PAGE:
- The Washington Times - Saturday, June 4, 2005

Nonfarm payrolls increased by only 78,000 jobs in May. Arriving at about 100,000 jobs below projections, the disappointing May increase marked the smallest employment uptick since August 2003.

So far in 2005, the trend in payroll growth has reflected a saw-tooth pattern: January (124,000), February (300,000), March (122,000), April (274,000), May (78,000). Three substandard performances have bordered two strong months. The important question, therefore, is whether future payroll growth will mirror the substandard months or the robust ones.

Meanwhile, since June 2003, when the unemployment rate reached its cyclical peak of 6.3 percent, the jobless rate has steadily fallen, reaching 5.1 percent last month. That’s its lowest level since September 2001, two months before the last recession ended. Private nonfarm payroll employment peaked in December 2000, three months before the recession began. It has now been three and a half years since the recession ended in November 2001, but private payrolls still have not returned to their pre-recession peak level. An increase of nearly 1 million government workers since December 2000 accounts for the entire growth in nonfarm payrolls over that period.

There is no consensus among economists regarding how the economy will perform over the next several quarters. Steady-as-she-goes optimists point to the recent upward revision of the first quarter’s annualized growth rate for gross domestic product (GDP). That rate was raised from the initial estimate of 3.1 percent in April to 3.5 percent in May. Pessimists, including, arguably, the Federal Reserve, worry that unintended increases in inventories have been responsible for increasing GDP more than total demand warranted. The growth in so-called “final sales of domestic product,” which removes the effect of inventory build-ups, has significantly slowed in recent quarters, falling from 5 percent during last year’s third quarter to 3.4 percent during the fourth period to 2.7 percent during the first quarter of 2005. Indeed, the minutes of the Federal Reserve’s early May meeting noted that the “deceleration in final sales over the first quarter had been accompanied by a sizable accumulation of business inventories.” The Fed’s latest data also reveal that growth in industrial output has slowed from a 7.8 percent annual rate during the fourth quarter to a 1 percent annual rate during the first four months of 2005.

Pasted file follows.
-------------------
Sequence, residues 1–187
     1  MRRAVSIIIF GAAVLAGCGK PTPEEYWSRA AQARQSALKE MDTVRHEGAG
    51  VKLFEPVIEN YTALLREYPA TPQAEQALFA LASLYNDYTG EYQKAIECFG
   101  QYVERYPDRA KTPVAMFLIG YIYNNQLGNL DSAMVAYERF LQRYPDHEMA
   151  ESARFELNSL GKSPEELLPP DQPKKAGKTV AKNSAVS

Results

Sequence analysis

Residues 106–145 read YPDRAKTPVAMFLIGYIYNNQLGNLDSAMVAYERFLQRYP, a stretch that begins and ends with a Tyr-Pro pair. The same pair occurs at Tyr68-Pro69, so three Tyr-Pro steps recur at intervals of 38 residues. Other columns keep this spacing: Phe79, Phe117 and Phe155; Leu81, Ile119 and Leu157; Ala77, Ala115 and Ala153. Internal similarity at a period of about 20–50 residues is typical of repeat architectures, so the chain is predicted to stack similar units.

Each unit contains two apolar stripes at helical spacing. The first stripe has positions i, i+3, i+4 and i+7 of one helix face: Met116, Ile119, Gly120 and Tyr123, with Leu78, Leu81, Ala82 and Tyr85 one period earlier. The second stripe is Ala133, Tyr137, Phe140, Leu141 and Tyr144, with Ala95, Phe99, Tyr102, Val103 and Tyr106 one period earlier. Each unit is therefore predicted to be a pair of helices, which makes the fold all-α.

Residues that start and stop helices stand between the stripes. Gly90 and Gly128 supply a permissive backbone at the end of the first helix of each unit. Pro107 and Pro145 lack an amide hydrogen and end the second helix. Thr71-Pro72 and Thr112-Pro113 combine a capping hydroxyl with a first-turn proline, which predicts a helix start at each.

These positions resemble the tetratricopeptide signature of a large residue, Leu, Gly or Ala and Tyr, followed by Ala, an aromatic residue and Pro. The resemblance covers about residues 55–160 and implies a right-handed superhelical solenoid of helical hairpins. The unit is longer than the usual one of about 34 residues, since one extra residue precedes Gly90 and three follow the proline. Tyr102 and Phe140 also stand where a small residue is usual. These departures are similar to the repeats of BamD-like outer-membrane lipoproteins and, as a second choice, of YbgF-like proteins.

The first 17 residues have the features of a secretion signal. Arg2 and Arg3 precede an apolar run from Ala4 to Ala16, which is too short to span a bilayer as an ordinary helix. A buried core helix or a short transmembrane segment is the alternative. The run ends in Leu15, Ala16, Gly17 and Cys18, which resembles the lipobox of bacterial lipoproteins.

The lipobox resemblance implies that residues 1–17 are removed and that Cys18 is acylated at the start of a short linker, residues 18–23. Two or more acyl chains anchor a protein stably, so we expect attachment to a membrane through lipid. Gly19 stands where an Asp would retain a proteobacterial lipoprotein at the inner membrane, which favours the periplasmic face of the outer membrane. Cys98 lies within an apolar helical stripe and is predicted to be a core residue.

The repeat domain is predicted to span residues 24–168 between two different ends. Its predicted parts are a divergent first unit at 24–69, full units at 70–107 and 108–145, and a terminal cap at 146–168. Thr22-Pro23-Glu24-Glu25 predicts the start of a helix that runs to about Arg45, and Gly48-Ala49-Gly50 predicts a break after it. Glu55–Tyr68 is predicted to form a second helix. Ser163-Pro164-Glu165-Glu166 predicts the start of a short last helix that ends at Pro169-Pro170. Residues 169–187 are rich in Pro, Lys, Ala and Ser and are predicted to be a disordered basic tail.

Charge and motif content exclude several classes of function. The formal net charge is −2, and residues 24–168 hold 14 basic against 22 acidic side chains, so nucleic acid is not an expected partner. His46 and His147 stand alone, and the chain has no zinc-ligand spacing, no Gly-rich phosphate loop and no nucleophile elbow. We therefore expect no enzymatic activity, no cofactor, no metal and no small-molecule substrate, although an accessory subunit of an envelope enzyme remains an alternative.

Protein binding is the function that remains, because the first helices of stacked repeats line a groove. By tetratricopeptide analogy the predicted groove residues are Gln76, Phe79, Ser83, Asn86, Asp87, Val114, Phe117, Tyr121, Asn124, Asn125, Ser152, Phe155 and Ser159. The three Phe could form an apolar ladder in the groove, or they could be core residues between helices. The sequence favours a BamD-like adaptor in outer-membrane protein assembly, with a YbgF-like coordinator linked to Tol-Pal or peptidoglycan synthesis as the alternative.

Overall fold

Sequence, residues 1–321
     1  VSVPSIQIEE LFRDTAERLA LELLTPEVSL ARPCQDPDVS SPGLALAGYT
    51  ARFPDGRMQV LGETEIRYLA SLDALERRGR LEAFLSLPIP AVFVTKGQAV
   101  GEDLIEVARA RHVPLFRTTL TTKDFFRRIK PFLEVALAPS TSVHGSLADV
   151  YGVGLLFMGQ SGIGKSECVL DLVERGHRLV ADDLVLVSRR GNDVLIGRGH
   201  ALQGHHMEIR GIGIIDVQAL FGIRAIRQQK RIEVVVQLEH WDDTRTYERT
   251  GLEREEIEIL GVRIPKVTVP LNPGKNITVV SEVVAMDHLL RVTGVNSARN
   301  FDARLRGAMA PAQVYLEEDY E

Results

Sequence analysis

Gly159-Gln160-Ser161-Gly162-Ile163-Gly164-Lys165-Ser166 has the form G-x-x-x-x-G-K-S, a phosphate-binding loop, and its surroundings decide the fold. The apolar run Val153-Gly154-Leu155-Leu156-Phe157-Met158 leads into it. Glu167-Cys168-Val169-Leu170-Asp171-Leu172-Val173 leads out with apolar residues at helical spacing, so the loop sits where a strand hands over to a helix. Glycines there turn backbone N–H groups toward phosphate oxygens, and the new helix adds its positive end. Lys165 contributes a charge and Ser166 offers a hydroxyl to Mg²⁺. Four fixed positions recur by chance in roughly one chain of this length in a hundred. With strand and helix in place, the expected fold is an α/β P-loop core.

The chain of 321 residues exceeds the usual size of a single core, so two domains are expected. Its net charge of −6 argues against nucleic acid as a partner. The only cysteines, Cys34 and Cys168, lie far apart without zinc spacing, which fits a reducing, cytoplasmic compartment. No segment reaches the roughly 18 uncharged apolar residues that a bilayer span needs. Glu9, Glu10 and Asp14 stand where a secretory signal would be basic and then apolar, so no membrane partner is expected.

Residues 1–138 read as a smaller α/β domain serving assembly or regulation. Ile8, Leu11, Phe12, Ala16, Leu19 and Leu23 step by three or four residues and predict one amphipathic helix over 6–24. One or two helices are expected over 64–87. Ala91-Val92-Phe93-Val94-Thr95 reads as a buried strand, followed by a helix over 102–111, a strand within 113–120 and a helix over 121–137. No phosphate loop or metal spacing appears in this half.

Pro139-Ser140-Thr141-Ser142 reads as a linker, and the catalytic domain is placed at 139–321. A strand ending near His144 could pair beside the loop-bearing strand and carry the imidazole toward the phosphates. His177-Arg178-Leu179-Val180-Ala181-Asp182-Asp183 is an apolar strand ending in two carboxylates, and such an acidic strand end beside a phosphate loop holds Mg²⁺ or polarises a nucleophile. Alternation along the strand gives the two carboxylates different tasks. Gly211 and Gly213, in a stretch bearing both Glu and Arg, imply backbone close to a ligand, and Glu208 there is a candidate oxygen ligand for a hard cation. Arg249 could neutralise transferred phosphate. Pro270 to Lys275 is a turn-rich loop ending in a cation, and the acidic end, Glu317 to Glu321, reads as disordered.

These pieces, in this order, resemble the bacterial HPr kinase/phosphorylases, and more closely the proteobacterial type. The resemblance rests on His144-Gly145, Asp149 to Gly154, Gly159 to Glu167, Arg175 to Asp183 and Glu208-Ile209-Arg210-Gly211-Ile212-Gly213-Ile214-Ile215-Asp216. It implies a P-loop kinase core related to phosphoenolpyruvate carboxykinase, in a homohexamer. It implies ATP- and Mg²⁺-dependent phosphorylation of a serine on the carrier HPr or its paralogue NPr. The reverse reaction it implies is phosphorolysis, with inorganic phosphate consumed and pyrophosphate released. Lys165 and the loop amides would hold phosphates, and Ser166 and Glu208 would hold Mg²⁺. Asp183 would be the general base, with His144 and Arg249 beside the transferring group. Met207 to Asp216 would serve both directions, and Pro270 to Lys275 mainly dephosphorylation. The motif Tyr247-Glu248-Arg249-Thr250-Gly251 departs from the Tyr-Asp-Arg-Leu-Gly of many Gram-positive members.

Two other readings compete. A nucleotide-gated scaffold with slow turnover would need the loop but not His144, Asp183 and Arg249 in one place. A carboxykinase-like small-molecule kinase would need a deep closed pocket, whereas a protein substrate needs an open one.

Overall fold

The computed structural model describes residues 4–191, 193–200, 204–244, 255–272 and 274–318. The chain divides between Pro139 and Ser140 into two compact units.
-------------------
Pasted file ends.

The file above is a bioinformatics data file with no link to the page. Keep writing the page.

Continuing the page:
Since the Fed’s May meeting, the Labor Department reported that consumer prices increased by 0.5 percent in April. For the February-April period, consumer prices increased at an annual rate of more than 6 percent.

In order to gauge the economy’s underlying inflationary pressures, policymakers like to remove the volatile food and energy sectors from their calculations of pricing trends. However, it is worth noting that the two major inflationary periods since the end of World War II (1973-75 and 1979-81) were precipitated by huge increases in the price of energy. And while energy admittedly plays a relatively smaller role in today’s economy than it did earlier, inflation hawks are nonetheless prudent to be concerned with the fact that energy prices increased 17 percent last year and have been rising at a 32-percent annual rate in 2005. Moreover, because productivity in the nonfarm business sector has been decelerating and real hourly compensation has been rising, unit labor costs, which actually declined in 2003, have been increasing at a rapid clip during the past three quarters, including an eye-popping 7.7 percent annual rate during the fourth quarter.

Beyond the rising cost of energy, which continues to work its way through the economy, other head winds include the continuing subpar growth in Europe and Japan and the surprising strengthening of the dollar since the end of last year. At their May 3 meeting, Fed policy-makers, according to the minutes, “observed that incoming data over the intermeeting period hinted at possible upside risks for inflation and downside risks for economic growth.” It appears that little since then has happened to change those trends.

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